J. Louis Watkins Jr. – Wikipedia

American judge (1929–1997)

Joseph Louis Watkins Jr. (March 26, 1929 – August 29, 1997), was from 1979 until his death a judge of the Louisiana First Circuit Court of Appeal, based in Baton Rouge, Louisiana. He resided in Houma in Terrebonne Parish in south Louisiana.[2]

1972 congressional race[edit]

In 1972, Watkins, then a practicing attorney, was the unsuccessful Democratic nominee for Louisiana’s 3rd congressional district seat vacated after two terms by Patrick T. Caffery. Watkins won his party’s nomination in a runoff election with State Senator Carl W. Bauer, then of Franklin in St. Mary Parish. Bauer had led Watkins by 262 votes in an eight-candidate field in the first primary,[3] but their fortunes were reversed in the second round of balloting on September 30.

Watkins was defeated in the general election held on November 7 by Republican David C. Treen, then of Jefferson Parish. In a hard-fought campaign, the fourth that Treen had waged for a congressional seat over a decade, Treen prevailed with 71,090 votes (54 percent) to Watkins’ 60,521 (46 percent). Treen polled narrow margins in the swing parishes of Iberia and St. Charles. Watkins won handily in St. Martin and Lafourche parishes and took 50.1 percent in Bauer’s St. Mary Parish. While Watkins received 72.8 percent in his own parish of Terrebonne, Treen received practically the same margin in his home parish of Jefferson.[4]

Treen had lost races for the then Second District House seat in 1962, 1964, and 1968, all against the Democratic party leader Hale Boggs. In 1972, the reconfigured Third District contained the conservative stronghold of Metairie, which had been removed from the Second District. The Third District overall, however, was still less conservative and much more rural than the former Second District. Treen became the first member of his party elected to a U.S. House seat from Louisiana in the 20th century; seven years later, he became the first Republican elected as governor of Louisiana.[5] In 2013, Republicans held all but one of the six House seats from Louisiana; the Second District is now the only Democrat seat in the delegation.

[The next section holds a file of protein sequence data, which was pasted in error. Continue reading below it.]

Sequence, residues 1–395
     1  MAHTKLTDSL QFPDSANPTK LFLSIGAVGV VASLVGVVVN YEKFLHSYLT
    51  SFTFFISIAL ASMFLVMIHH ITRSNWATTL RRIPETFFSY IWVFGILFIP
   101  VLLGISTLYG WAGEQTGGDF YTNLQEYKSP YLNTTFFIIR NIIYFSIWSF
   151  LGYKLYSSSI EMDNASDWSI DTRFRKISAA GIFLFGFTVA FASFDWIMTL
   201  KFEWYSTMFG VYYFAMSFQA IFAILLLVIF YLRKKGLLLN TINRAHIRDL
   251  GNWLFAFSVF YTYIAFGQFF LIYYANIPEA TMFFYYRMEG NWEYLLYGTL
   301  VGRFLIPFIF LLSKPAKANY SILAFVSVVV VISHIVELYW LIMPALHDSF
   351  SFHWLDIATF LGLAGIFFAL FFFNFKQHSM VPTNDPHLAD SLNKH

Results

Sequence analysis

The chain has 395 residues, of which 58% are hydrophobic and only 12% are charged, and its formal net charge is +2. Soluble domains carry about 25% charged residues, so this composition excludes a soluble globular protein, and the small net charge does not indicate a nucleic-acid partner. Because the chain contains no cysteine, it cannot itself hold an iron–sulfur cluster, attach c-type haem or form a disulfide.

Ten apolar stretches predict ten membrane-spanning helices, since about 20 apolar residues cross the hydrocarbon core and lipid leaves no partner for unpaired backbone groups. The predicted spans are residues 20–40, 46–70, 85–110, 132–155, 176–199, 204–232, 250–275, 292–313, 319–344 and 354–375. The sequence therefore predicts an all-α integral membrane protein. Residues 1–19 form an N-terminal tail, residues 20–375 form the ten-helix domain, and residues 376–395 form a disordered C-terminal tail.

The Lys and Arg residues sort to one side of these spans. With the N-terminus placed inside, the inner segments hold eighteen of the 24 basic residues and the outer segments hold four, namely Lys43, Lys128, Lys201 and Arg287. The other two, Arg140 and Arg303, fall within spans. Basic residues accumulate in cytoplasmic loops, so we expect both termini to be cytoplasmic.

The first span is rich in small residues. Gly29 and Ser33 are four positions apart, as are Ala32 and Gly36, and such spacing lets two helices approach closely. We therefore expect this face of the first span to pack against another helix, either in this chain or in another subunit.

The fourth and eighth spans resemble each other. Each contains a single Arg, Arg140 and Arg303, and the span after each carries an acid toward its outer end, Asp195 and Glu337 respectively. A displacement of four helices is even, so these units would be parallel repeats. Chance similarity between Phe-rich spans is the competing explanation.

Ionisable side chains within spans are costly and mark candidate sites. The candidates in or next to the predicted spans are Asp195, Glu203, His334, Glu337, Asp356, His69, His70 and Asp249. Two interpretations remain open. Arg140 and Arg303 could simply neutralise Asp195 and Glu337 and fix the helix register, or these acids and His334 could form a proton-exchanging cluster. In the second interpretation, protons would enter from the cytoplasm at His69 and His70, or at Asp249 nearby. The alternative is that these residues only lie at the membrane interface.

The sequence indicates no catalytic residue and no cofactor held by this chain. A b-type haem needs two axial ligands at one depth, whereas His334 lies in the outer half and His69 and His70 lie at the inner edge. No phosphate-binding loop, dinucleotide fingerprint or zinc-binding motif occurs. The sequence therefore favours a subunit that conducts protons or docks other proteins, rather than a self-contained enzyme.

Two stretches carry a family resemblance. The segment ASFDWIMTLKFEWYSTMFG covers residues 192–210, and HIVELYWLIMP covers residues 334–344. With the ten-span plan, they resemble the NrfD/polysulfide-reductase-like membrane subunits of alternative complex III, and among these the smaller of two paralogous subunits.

Treen and a Republican “search committee” had offered to support Bauer for the House seat in 1972 if the Democrat would switch parties, but Bauer remained Democrat and instead expected to face Treen in the general election.[6] Bauer’s father, Ralph Norman Bauer, and Cecil Morgan of Shreveport had in 1929 as freshman state representatives led the impeachment for abuses of power against Governor Huey Pierce Long Jr.[7]

Later years[edit]

After his defeat in the congressional campaign, Watkins became a member and served as the president of the Louisiana Board of Elementary and Secondary Education. He was elected circuit judge in 1978 and remained in the post for nearly two decades; his service ended with his death of cancer in Houma at the age of sixty-eight.[2]

Watkins’ father, J. Louis Watkins Sr. (1899–1978), was a judge in Terrebonne and Lafourche parishes.[8] Watkins and his wife, Shirley Theresa Watkins (1928–2013), had a son, J. Louis Watkins III, who practices criminal, domestic, and personal-injury cases in Houma.[8][9] The younger Watkins, known as “Bubba”, was an unsuccessful Republican candidate for Terrebonne Parish clerk of court in the primary held on October 22, 2011. He polled nearly a third of the vote against fellow Republican Theresa A. Robichaux.[10]

References[edit]

  1. ^ “Louisiana election returns, October 18, 1997”. staticresults.sos.la.gov. Retrieved June 15, 2013.
  2. ^ a b “Watkins to Watrous”. politicalgraveyard.com. Retrieved June 15, 2013.
  3. ^ Louisiana Almanac, 2006
  4. ^ Louisiana Secretary of State, General election returns, November 7, 1972
  5. ^ Grover Rees III, Dave Treen of Louisiana (Baton Rouge”: Moran Publishing Company, 1979), p. 59
  6. ^ Grover Rees, p. 49
  7. ^ American Legislative Leaders in the West: 1911 – 1994, p. 11. Westport, Connecticut: Greenwood Publishing Company, 1997. 1997. ISBN 9780313302121. Retrieved June 14, 2013.
  8. ^ a b “Eric Heisig, “Attorney to run for clerk of court”. houmatoday.com. Retrieved June 15, 2013.
  9. ^ “J. Louis Watkins III, Law Office”. Retrieved June 15, 2013.
  10. ^ “Louisiana primary election returns, October 22, 2011”. staticresults.sos.la.gov. Retrieved June 15, 2013.